Kennedy then goes onto regarding the concerns and criticism of space exploration. He mentions that reaching the moon will be a costly and hard process. The surroundings of space are hostile to us all, and America’s technology and expertise will be greatly challenged in order to achieve this goal. But then, he asks the audience a couple of rhetorical questions. “Why do we climb the highest mountain? Why fly the Atlantic?” And adding some humor into his speech, which resonated with his Rice University audience, “why does Rice play Texas?” The audience knows that going to the moon was meant to beat the Soviet Union in the space race, but other than that, why? Well, because it is challenging. “We go the moon in this decade,” says Kennedy “not because it is easy, but because it is hard… because the goal organizes and measures the best of American energy and skill.”

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Kennedy is challenging his audience and the American public to rise, to demonstrate the best of their skills, and to reinforce American leadership as an innovative, leading power. He himself replies to his rhetorical questions, and in the Cold War context, a challenge like this was very appealing to his audience. Failure to reach the Moon would not just be a failure in technological or scientific terms, it would be a failure on the part of the American people, the American spirit, and ideology. He then went on to list out the steps that America has already taken to reach the goal. By doing so, he further validates that the country is not that far off in achieving the moon land.

Works Cited

  1. Brinkley, A. (2012). John F. Kennedy: The American Presidents Series: The 35th President, 1961-1963. Henry Holt and Company.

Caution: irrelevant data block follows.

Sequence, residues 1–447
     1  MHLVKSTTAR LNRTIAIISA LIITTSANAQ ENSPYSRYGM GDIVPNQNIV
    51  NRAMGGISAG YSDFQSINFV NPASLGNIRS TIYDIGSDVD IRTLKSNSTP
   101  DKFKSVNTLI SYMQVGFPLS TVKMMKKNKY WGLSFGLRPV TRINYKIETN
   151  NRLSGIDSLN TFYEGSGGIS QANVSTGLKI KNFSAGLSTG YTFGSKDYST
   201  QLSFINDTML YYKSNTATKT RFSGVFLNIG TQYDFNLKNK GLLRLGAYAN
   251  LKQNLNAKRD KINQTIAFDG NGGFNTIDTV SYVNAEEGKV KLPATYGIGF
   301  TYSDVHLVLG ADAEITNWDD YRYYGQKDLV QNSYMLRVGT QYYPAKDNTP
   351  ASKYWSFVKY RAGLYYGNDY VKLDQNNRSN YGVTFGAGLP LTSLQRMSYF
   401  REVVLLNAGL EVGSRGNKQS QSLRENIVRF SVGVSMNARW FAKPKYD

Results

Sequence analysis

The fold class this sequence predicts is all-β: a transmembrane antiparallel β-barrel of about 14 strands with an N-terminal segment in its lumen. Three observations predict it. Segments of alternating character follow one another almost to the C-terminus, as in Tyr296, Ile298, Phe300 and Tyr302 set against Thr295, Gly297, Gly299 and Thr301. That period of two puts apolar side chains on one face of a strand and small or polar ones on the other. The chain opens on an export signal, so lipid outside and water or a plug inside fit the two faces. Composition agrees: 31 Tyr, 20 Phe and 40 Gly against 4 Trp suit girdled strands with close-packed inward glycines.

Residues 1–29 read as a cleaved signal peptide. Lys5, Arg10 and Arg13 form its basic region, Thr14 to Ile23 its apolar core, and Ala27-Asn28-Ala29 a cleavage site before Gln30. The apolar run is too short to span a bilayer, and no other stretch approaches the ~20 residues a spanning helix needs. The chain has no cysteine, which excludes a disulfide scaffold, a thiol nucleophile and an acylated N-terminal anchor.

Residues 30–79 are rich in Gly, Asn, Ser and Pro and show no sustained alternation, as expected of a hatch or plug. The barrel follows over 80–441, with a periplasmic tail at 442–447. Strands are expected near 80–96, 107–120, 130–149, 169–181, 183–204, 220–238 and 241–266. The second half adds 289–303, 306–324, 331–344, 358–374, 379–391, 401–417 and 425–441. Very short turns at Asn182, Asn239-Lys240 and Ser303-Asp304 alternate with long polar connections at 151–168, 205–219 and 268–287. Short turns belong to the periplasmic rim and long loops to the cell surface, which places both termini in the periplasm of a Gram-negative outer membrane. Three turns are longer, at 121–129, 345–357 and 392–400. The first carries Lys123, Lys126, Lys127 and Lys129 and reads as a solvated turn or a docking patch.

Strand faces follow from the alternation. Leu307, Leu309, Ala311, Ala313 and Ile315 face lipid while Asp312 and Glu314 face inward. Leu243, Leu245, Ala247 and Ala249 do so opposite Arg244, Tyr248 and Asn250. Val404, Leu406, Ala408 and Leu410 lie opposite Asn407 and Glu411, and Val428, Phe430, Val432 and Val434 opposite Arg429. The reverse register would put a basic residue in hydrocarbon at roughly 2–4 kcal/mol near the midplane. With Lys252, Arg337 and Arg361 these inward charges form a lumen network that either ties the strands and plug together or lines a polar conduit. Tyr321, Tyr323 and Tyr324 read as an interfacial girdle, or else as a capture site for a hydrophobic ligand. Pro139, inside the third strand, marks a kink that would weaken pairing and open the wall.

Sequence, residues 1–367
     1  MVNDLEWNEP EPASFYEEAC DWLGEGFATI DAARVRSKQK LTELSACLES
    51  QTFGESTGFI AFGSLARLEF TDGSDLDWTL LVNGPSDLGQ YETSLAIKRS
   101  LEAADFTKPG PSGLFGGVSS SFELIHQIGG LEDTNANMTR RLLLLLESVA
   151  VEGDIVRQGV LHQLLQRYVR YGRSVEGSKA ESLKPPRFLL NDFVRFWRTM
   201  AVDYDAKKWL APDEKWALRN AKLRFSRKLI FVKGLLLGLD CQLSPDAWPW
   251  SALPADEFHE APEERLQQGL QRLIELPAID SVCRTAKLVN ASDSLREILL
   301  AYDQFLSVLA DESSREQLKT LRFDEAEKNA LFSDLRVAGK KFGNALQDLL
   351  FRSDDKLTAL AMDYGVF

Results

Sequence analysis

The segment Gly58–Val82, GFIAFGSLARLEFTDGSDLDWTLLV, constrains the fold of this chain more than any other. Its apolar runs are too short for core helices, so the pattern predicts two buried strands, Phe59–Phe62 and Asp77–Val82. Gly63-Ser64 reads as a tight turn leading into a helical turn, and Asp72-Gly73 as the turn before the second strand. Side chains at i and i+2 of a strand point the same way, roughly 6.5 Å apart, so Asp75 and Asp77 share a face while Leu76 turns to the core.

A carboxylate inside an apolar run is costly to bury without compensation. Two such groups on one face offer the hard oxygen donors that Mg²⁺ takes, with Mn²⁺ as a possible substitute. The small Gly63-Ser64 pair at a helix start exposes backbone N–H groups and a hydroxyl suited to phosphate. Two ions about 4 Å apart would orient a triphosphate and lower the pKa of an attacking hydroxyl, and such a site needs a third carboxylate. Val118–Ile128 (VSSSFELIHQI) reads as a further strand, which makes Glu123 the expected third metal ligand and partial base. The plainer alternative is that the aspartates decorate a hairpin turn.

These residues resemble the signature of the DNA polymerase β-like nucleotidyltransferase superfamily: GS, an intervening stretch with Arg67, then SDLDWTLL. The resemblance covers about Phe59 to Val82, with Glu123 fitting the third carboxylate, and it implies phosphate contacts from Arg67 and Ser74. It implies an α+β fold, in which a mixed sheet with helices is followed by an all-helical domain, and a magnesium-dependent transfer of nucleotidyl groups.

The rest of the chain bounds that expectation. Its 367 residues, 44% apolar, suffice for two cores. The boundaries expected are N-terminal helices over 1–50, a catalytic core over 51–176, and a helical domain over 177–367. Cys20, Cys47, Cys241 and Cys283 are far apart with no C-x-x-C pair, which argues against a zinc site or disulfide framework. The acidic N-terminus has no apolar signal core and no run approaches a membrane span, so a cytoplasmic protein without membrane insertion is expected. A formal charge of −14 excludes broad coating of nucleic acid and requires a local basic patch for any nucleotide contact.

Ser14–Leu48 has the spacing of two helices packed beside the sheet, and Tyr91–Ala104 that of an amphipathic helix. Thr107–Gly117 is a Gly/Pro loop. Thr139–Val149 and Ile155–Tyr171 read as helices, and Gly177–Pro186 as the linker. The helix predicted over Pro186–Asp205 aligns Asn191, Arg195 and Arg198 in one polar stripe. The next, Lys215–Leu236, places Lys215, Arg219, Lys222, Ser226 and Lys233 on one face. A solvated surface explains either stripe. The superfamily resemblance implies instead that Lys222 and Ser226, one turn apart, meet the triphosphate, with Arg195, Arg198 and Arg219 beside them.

2. Carver, R. (1994). JFK's inaugural address: Literary masterpiece. The English Journal, 83(1), 17-24.
  3. Dallek, R. (2003). An unfinished life: John F. Kennedy, 1917-1963. Little, Brown and Company.
  4. Divine, R. A., Breen, T. H., Fredrickson, G. M., & Williams, R. H. (2017). America: Past and present. Pearson.
  5. Garthoff, R. L. (1994). Foreign intelligence and the historiography of the Cold War. Diplomatic History, 18(2), 159-171.
  6. Kennedy, J. F. (1962). Address at Rice University on the Nation's Space Effort. Retrieved from
  7. Lewis, J. (1997). The American space program: A historical perspective. Johns Hopkins University Press.
  8. Logevall, F. (2012). Embers of war: The fall of an empire and the making of America's Vietnam. Random House.
  9. Morrison, P. (2013). Cold War on the airwaves: The radio propaganda war against East Germany. University of Illinois Press.
  10. Schlesinger, A. M., Jr. (2002). A thousand days: John F. Kennedy in the White House. Houghton Mifflin Harcourt.
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Rhetorical and Literary Devices of John F. Kennedy’s Speech. (2018, May 20). GradesFixer. Retrieved July 14, 2024, from
“Rhetorical and Literary Devices of John F. Kennedy’s Speech.” GradesFixer, 20 May 2018,